Much has been written and said about that dark period in Murugan’s life, a period of death threats and much abuse and all because of his choice and fictional treatment of a subject that in other times would perhaps have been considered innocuous. I am, however, more interested in the ‘before’ and ‘after’ than in the dark period itself. For it is the ‘before’ and the ‘after’ really, which offers rich and useful insights into Murugan’s work, constituting as they do positions of stability from which to read and engage with his oeuvre.

Murugan and I were both writers-in-residence at Sangam house in 2010, but unfortunately, our time there did not overlap. He remained till December 10, 2016, the day of the launch when I finally met him. Murugan, that mysterious, absent writer whose presence I had felt keenly thanks to having read and re-read Seasons of the Palm, the excellent translation by V. Geetha, of his novel Koolla Madari. A lyrical novel that describes the difficult lives of a group of Dalit goatherd children, Seasons of the Palm uses the realist framework to talk about young people whose lives are otherwise not considered worthy of being written about. They are not heroes or heroines in the usual sense. But then, I suppose that is the task of the writer – to excavate his or her own protagonists from a pile of forgotten, invisible stories.

Impulsively, I had put the novel on the syllabus for a course I was teaching on Indian literature in translation. By the end of that semester, my students were captivated by this layered narrative, an amazing mixture of naturalism and fantasy that poignantly detailed the everyday brutality of caste. What was remarkable was that the narrative remained lyrical, gentle and dream-like – though the underlying commentary was anything but. It is one of the few books I will return to over and over again – notwithstanding the pressure of hundreds of other unread books piling up on my desk.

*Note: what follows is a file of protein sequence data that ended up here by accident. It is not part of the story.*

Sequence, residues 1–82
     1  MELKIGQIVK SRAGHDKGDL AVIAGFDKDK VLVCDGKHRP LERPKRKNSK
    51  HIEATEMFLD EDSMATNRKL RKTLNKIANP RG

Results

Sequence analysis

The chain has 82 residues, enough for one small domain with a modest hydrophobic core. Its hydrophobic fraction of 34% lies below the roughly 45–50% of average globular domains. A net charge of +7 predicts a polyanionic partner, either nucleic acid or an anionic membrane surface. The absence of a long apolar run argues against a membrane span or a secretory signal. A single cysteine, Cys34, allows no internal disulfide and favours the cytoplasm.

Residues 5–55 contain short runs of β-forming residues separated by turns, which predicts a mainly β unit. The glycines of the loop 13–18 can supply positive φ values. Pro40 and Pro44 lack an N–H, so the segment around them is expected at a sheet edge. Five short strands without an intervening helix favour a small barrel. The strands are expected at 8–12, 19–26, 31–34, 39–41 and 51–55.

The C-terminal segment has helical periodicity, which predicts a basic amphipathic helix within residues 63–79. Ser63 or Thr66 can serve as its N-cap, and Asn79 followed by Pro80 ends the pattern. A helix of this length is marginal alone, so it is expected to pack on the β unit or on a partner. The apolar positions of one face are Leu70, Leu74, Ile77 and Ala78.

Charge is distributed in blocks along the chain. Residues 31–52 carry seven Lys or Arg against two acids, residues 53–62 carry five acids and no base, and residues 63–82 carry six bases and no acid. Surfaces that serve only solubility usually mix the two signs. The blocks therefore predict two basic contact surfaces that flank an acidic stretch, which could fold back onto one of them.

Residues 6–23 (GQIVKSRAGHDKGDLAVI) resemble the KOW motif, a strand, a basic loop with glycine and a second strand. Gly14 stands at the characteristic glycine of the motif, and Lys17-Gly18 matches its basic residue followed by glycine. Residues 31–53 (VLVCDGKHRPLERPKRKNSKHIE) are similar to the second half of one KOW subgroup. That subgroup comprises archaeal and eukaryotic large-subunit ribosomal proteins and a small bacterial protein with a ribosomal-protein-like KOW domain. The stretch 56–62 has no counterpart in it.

When AniruddhanVasudevan’s English translation of Madhorubhagan (One Part Woman) came out, I ordered a copy at once. It is, in retrospect, the “original” translation minus the cuts. Like I had done with Seasons of the Palm, I decided to put it on my syllabus. Only later, did all the ugliness break out.

On July 5, 2016, the world woke up to a heart-warming, lucid court order on the petitions that had been filed against Murugan by caste-based and pro-Hindutva organisations – petitions which had accused the novel of being blasphemous and morally offensive. The court order essentially said, “Let the writer do what he is best at: write”.  It is this judgement that has, in many ways, enabled this ‘after’ moment. Both Kozhaiyin Paadalkal and Mayanathil Nitkum Maram, have appeared in the aftermath of that ghastliness. They are survivors of sorts and have been ways for Murugan to heal. In fact, in his preface to Kozhaiyin Paadalkal (Songs of a Coward), Murugan likens poetry to the sanjeevani herb that can bring the dead to life. Mayanathil Nitkum Maram performs another function. In his foreword to the book, Murugan argues that it is time for him to do the accounting:

“Most people tend to be befuddled about where their money goes, what they spent it on. For the creative person, the reverse is true. It is the in-flow which is difficult to calculate. What flows in and from where? Where does it all go and hide? When does it rise up? At what point is it remembered?  To understand all this is a difficult exercise.”

Indeed, one wonders how Murugan will eventually process all that has flowed in. For now, there is the comfort of this new book which offers a rich, perspectival view on his poetry.

As I leave Spaces, I think of how deeply ironic it is for a man who doesn’t appear to be fond of limelight in the least, to have it thrust upon him in this violent fashion and how remarkably well he has fought the darkness which had threatened to engulf him. Had all this not happened to him, Murugan would have remained, of course, just as wonderful a writer but perhaps very much on the shadowy edges of the literary world. And it is very likely that he might have been a happier man. But all this, of course, is not the point. The point is that we live in a world that is increasingly intolerant of its story-tellers, chroniclers and intellectuals – a world that has forgotten how to read a text, a world that is deaf to all but the loudest of voices, a world that understands brute force but not subtle words. A world that knows how to market but has forgotten what to do with its writers.

K. Srilata is a poet, fiction writer and Professor of English at IIT Madras